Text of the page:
Ask the best friend

I ask my friend Eric Storms what's going on. "Why can't I have a hydrogen-powered car?"

He says (and I'm making this up since I haven't really asked, but we've done this back and forth so often my guess is usually pretty close), "Because you're not Jay Leno."

Me: "So what?"

Eric: "You don't pull down an annual salary of $30 million, you're worth far less than $150 million and you don't employ a massive garage filled with expert mechanics who do nothing but maintain and restore your amazing automotive toys."

Me: "Yeah, I get that. But I'm talking daily driver. A car for the masses."

Eric: "You already have a VW Bug."

We have the technology

Me: I look at him sideways. "It needs a paint job and a new wiring harness. That's not the point. I believe we have the technology to extract hydrogen from whatever source be it natural gas or electrolysis of water and run our cars on it. We'd use internal combustion engines because we've already mastered that technology. We'd continue to research fuel cells but we'd develop infrastructure to support our existing transportation network of two cars for every adult in the United States."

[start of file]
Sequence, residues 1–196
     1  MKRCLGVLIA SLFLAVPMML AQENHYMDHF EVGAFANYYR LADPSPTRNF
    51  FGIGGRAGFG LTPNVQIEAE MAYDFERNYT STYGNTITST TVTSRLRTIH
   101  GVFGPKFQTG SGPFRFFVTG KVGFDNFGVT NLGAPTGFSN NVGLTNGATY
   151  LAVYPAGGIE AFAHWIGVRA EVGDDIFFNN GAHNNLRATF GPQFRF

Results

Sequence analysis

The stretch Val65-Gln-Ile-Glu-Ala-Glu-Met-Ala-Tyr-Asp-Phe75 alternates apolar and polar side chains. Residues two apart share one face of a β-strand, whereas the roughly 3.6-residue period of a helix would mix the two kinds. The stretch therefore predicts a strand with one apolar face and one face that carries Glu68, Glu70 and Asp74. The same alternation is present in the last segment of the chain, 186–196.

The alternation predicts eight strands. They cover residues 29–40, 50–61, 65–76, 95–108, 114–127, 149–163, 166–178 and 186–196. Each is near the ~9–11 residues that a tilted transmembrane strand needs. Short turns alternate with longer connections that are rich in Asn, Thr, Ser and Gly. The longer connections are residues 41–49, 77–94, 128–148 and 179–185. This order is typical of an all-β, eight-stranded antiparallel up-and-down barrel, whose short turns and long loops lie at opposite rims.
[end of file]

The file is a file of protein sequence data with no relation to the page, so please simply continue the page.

Eric: "Sheep."

Me: I ignore the comment.

Eric: "We love oil. It's in our blood. You grew up in Alaska. You get it. Oil is our way of life. It pays your Permanent Fund Dividend check. It is the nectar of gods."

Me: "Nectar of gods? And I haven't lived in Alaska since 1992 when the evil McClatchy empire bought and shut down the Anchorage Times."

Eric: "You know what I mean."

Me: "Yeah. I do."

Hydrogen fuel may be close

This particular conversation between Eric, who lives outside Seattle, Wash., and I can continue for hours and sometimes does, especially these days via cell phone. However, in this case I believe we may be closer to using hydrogen than I first believed.